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Your Stories Await Telling

To Lord Chichester | arrives 30/12- Xmas 1677


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Dear Lord Chichester,


I would like to thank you again for rescuing me after I was robbed the other day and taking me to my aunt's house. If you and your friend had not come to my assistance, I fear they might have killed me. I have enclosed sketches of two of the thieves. I hope that they might help you find them and bring them to justice. My jewelry and money are probably long gone, but I don't think that was what they were after.


While they were taking my valuables, they asked me several times: 'Where is it?' I was so frightened that all I could do was shake my head. I had no idea what they were talking about. Eventually one of them said that I didn't have it and that their master was not going to be pleased. It was at that time that the third thief ran back with the news that you were coming. They shoved me to the ground and ran through the shop.


I told my aunt that I had fallen in the snow so that she would not tell my lord father that I had been attacked. I will eventually have to go back to the weapon shop to commission a gift for him, but I don't think I will feel safe with those thieves still at large. Perhaps I can find someone to go with me.


Thank you again for saving my life and seeing me safely to my aunt's house.




Lady Thomasina Alasia Faraday


Two drawings on separate sheets of paper accompanied the letter, both of rough-looking young men. The sketches were so realistic they almost seemed to jump off the page. Despite her youth, Lady Tamsin was no amateur when it came to art.

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George eyebrows shifted as he read the letter, young ladies knew nothing of subtlety he understood. I suppose I am going to have to volunteer, cannot in conscience allow her to risk life and limb again. he sighed wondering what time it would take.


Collecting up the sketches, he was impressed, and then the bright idea occurred to him and he smiled of it. I have found someone to work with Lady Toledo! It was such a relief when things like that fell into place.


Picking up his quill, he replied


Dear Lady Thomasina,

Thank you for your missive, I am pleased to hear that you are recovering well, though I cannot endorse your keeping the truth from your Aunt. When my own sister was newly loose upon London, I procured her a great hound for protection, and I am pleased to say she was never molested in any way. I would suggest you do the same.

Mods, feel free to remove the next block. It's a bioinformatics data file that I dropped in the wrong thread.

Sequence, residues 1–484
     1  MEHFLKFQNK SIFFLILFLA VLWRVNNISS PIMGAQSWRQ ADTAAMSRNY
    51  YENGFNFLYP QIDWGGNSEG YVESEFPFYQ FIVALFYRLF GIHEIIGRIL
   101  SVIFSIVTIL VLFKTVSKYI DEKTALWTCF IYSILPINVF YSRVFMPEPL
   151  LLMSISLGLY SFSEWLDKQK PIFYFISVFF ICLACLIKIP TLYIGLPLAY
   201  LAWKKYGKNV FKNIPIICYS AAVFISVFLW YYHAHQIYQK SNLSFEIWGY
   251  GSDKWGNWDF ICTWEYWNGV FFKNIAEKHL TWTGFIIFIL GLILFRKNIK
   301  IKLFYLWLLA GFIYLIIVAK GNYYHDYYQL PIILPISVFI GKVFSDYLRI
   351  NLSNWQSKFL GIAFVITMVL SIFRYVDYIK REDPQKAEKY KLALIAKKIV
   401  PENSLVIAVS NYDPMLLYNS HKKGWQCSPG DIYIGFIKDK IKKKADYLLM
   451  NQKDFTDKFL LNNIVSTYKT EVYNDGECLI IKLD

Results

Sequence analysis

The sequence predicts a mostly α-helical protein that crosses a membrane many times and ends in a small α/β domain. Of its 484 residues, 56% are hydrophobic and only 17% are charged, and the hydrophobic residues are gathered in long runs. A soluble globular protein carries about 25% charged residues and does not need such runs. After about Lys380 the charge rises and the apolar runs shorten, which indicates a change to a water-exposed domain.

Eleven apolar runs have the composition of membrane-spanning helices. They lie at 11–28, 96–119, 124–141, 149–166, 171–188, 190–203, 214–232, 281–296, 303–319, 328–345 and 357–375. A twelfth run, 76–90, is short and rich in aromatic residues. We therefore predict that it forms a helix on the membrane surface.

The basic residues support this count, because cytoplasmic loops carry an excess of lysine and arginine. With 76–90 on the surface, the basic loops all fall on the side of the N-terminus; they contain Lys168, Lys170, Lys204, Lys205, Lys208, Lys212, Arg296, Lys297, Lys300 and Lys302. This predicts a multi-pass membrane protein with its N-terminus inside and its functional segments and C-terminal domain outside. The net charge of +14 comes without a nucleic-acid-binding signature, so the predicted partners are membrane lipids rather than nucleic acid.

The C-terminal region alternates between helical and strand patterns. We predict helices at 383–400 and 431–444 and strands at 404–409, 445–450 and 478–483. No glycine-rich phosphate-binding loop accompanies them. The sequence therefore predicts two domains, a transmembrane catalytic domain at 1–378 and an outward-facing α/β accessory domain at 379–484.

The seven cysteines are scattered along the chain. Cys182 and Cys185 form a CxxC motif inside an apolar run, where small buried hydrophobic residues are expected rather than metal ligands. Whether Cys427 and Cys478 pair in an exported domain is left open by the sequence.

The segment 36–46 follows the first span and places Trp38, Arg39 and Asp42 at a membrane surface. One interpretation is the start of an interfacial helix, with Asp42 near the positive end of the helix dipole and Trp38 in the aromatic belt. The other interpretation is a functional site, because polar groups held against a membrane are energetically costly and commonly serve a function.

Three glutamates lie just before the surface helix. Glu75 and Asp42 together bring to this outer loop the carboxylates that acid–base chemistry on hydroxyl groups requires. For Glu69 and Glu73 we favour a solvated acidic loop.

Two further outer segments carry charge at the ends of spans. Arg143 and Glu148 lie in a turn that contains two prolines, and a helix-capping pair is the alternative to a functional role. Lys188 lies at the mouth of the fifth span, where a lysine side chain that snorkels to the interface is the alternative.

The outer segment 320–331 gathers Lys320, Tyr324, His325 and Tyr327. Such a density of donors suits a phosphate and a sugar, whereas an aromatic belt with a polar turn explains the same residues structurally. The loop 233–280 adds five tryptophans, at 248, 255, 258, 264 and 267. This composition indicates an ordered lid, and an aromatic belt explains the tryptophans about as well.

Personally, I would recommend your abandoning thoughts of visiting the weapon smith again, as the area is plainly dodgy, and your comments of the thieves looking for something unfound, implies that she shall continue to stalk the venue, if not you yourself, for they seemed particularly interested in yourself rather than the shop itself. I suggest taking great caution with any outing you plan, and preferably in the company of your Aunt and her attendants, that are surly able to drive off these scurrilous fellows.


Yet if you are bent upon it, then may I offer my services instead. Please advise me what exactly you are looking for, and I shall visit the weapon smith and make the procurement.


Your servant




He was unsettled about his position, by going along with her deciet he made himself accountable to both the Aunt and her Father. He already had one young womans death on his hands.


So it was he collected up a second sheet of paper, adressing it to her Aunt...


My Lady,

I George Hardwick, Earl of Chichester, feel honor bound to divulge recent events to you, events that include your Niece Lady Tamsin.


My fellow and I were at the weapons smith, when ...

[an account of what happened]

...until finally I was able to deliver her back to your house.


You as her aunt shall be alarmed I am sure. I believe it was partially out of desire not to distress you that she wished to keep the truth of those events from you, for fear that she would be sent away from London. To be honest my lady, had I a charge of her age, my first impulse would also be to send her home. London in these days is fraught with dangers, with mobs and dangers at every turn.


I do wonder though if a compromise may be found, if perhaps the young Lady Tamsin swears to not wander off into London alone, but keeps to your side, visiting places that are both becoming and safe for ladies of quality. But this is a decision you need make for yourself.


Meanwhile, I wish to make mention of the calibre of art produced, while I did not see the men myself, I dare say that her drawings are acurate renditions. Such a talent is worth encouraging.


Kind regards




He felt far more comfortable after sending the letter to her Aunt. If anything happened to the young woman, he could not blame himself. Not this time.

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